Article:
Watching performance on a DHCP Server

John Hascall john at
Tue Feb 12 19:16:06 UTC 2008

> > You may want to review the thread from the beginning. My network 
> > currently has 10,000+ DHCP clients (and I plan on accommodating double 
> > that within the lifetime of this server). I have a beefy server (4x 
> > 3.0GHz Xeon, 2x 15k RAID1) and it was only able to reliably handle 10 to 
> > 20 4-way discover handshakes a second, 2-way handshakes were maybe 
> > double or triple those numbers. When pounded by DHCP requests, it's 
> > possible that even less are processed in a timely manner due to 
> > collisions, timeouts, etc.

> I really don't understand the numbers people are quoting here. We use
> a Dell 1850 with one 3.2 GHz CPU, one Gig of memory and two SCSI disks
> in battery backed hardware RAID 1. We use this to serve 100K customers
> with 24 hour leases. No problems whatsoever, and we feel we have plenty
> of room to grow.

If a raid array is configured to signal write complete as soon as
the data is in the array's cache that can have a tremendous performance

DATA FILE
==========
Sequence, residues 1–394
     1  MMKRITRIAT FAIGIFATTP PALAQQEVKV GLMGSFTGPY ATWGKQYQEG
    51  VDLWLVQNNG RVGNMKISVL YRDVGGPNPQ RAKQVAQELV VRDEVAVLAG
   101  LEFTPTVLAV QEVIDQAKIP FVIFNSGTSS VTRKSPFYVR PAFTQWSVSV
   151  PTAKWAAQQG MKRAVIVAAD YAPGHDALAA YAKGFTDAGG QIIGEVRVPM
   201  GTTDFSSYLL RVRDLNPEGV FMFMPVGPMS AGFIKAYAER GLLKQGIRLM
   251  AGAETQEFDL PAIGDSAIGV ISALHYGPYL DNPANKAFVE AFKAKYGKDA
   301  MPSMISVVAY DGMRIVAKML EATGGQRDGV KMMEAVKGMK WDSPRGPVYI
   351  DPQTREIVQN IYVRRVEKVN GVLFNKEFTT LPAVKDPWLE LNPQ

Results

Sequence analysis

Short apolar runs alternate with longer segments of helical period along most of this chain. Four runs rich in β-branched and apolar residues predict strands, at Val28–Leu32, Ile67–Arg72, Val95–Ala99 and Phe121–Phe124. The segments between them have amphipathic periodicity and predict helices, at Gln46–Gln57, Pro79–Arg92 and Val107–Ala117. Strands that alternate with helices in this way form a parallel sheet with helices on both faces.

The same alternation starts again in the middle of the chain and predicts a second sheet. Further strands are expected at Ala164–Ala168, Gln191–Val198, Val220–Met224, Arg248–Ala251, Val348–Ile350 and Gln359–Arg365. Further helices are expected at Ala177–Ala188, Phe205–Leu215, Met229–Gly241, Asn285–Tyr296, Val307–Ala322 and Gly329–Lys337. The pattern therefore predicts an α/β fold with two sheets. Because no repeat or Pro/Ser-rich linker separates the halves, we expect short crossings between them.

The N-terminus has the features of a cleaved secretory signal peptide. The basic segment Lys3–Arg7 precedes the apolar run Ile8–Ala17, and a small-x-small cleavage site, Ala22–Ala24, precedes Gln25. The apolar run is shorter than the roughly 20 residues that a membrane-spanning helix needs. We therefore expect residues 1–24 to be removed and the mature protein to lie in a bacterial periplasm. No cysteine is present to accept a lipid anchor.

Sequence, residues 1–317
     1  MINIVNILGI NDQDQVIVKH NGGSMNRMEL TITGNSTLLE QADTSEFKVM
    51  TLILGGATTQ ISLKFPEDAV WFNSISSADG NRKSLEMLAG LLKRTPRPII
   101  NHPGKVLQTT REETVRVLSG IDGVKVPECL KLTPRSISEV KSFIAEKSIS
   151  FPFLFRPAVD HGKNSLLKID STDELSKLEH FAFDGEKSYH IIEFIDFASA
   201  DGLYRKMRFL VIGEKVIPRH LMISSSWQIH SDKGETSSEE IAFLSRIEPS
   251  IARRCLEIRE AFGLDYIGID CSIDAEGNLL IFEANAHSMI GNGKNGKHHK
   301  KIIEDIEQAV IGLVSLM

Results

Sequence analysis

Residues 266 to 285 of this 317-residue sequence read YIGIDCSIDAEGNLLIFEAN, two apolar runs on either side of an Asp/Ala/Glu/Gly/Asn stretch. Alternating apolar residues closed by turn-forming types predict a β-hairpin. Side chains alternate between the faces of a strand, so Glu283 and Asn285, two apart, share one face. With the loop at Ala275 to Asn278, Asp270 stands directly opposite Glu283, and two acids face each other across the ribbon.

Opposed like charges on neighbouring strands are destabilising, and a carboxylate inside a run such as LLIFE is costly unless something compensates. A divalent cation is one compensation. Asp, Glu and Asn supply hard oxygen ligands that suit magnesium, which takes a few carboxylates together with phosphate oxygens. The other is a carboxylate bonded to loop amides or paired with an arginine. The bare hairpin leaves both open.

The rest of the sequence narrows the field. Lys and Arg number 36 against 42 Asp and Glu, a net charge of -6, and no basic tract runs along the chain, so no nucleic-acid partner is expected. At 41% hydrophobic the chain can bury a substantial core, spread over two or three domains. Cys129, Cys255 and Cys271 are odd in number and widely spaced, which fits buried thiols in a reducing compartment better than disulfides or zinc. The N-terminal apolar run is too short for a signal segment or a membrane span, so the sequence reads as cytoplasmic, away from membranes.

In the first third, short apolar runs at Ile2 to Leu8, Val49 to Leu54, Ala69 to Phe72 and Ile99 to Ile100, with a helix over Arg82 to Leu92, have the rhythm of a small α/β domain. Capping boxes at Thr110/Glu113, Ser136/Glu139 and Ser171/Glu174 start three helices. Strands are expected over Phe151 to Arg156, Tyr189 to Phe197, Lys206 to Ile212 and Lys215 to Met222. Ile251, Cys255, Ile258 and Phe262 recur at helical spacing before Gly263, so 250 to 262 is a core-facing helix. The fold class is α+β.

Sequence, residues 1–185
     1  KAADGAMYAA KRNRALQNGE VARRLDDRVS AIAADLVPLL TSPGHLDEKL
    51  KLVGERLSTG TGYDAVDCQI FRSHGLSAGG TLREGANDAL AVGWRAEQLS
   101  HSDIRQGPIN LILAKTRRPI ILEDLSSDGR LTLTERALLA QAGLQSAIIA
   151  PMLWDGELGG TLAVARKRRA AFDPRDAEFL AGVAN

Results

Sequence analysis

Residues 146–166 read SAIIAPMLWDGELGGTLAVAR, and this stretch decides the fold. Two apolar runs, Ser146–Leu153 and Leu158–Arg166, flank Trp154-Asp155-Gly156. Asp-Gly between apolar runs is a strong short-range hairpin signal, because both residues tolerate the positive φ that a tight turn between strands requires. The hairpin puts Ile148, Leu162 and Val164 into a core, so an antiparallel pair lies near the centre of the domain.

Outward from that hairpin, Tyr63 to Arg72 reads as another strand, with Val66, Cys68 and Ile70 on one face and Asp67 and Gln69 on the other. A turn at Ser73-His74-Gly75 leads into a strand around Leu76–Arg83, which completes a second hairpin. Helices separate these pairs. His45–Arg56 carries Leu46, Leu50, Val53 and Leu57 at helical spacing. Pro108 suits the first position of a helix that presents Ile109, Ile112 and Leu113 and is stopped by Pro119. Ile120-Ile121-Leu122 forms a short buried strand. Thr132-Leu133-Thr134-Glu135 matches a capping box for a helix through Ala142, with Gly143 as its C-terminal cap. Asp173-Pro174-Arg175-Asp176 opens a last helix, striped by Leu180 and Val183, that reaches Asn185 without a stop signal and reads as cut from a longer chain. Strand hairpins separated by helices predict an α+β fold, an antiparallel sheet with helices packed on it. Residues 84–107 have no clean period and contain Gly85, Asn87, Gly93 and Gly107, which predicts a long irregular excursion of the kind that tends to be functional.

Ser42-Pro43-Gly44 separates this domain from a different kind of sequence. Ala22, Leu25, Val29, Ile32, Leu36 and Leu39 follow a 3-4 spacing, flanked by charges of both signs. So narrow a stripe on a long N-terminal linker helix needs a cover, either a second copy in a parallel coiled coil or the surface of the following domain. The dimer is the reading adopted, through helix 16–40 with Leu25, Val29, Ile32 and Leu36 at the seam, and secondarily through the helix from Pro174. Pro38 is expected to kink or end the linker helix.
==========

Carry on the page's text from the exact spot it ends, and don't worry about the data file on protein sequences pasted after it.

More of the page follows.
advantage - at the cost of possibly losing the data should the raid
controller catch fire or something before the data actually makes
it to the disk.

Because we have a mobile population (lots of students with laptops)
we need to keep lease times short to prevent address starvation --
we averaged 13 DHCP handshakes per second yesterday.

Our peak is obviously quite a bit higher.  High enough, that we
are probably right on the edge of what we can do with the current
technology.  I am expecting the lease-ack-fsync buffering will
be a good thing for us (esp, if I get pressure to lower lease
times further).


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